Until further notice we will not be holding in person Sunday Services. A recorded service will be posted on Facebook and YouTube at 8 am on Sundays. Monday through Friday there is a Zoom Compline service at 7 pm. On Monday  we have a Zoom Morning Prayer service at 9:30. We are also looking into outdoor services.

Bulletin 12.6.20

On Sunday, December 6th, we will reopen the church.  We will have a service at 8:00 AM in the Parish Hall and 10:00 AM in the church.  As you know, our facilities were closed for two weeks because a person attended the church who later tested positive for Covid 19.  I am thankful that no one else has tested positive.  For that reason, I remind you that everyone must wear a mask and stay socially distant while attending services.  I also wish to share with you that I will change the way we distribute communion to help protect everyone.  Communion will be distributed after the service outside the buildings.  Thank you for your understanding.  The 10:00 service will be livestreamed on YouTube and Facebook.  You may also watch it later in the day or during the week.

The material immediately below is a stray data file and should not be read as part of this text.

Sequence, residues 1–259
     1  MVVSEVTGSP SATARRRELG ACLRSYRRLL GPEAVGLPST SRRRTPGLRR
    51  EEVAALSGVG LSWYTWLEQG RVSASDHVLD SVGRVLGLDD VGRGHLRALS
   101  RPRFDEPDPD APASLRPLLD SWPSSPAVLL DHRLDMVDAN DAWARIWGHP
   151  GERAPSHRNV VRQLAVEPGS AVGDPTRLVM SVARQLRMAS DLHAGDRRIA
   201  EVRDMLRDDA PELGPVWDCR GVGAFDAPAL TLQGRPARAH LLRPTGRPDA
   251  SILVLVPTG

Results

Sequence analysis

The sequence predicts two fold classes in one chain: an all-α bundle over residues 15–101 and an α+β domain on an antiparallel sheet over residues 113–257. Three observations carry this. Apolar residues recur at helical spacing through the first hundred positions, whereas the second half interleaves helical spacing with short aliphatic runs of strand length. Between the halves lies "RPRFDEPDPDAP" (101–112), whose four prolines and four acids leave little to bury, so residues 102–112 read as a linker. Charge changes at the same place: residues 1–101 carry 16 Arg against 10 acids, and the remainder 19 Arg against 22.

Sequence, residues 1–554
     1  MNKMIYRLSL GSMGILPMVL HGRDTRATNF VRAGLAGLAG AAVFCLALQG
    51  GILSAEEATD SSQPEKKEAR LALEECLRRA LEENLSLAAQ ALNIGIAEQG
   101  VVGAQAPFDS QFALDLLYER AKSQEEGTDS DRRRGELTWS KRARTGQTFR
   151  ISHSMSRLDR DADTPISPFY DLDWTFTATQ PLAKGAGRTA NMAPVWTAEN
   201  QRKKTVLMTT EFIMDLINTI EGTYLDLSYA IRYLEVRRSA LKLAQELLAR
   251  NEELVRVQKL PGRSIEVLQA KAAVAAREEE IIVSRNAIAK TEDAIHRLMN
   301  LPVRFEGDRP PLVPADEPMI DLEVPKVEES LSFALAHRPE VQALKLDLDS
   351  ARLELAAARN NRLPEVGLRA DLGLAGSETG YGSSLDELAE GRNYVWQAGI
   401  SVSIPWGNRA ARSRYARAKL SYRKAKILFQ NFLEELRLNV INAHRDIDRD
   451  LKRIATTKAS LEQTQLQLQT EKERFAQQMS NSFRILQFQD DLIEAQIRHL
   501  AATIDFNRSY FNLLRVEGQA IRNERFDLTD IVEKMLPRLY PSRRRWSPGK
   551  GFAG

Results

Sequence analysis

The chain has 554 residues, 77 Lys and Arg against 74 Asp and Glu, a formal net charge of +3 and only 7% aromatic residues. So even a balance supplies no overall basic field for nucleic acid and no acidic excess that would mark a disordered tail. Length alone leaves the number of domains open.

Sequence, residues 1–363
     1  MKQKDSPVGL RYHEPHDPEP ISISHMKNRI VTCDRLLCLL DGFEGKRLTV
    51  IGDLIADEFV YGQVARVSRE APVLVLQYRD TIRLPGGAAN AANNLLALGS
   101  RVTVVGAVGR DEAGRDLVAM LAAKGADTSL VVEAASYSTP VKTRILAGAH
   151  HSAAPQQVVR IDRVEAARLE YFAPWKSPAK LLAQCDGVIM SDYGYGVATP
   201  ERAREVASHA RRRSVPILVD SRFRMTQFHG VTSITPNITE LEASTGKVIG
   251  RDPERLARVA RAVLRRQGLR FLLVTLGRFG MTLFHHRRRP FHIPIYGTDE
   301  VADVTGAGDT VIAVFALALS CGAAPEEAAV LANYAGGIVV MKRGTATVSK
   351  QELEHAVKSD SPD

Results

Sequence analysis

We have entered the season of Advent, a time of preparation for the coming of Jesus.   This Sunday we will light the  candle of peace on the Advent wreath.  We ask God to bring us peace in all things. 

I ask your prayers for those who have contracted the virus and for all the health care workers who are helping people in hospitals.  Let us pray that everyone will be safe and healthy.  We pray for those who are unemployed or hungry or are in need of housing.  We pray for children.  

 Stewardship Campaign. I am thankful for everyone who has supported Transfiguration with their pledge for 2021. If you have not yet returned your pledge,I ask you to prayerfully consider how you might help Transfiguration.  Fr. Bob

Although this year we cannot sponsor the Angel Tree for Brinton School, ECW has learned that they would love to receive books and board games. If you wish to contribute, please bring donations in by December 8. You may leave them in the Church, Parish Hall or the Parish House on Sunday or Monday through Thursday.

 I am working on a plan to have some Sunday services outside. We will do this to keep everyone safe as the number of COVID-19 cases increase. I am looking for an amplifier to use for outside services. Let us know if you can help. Please look for updates in future emails.  Fr. Bob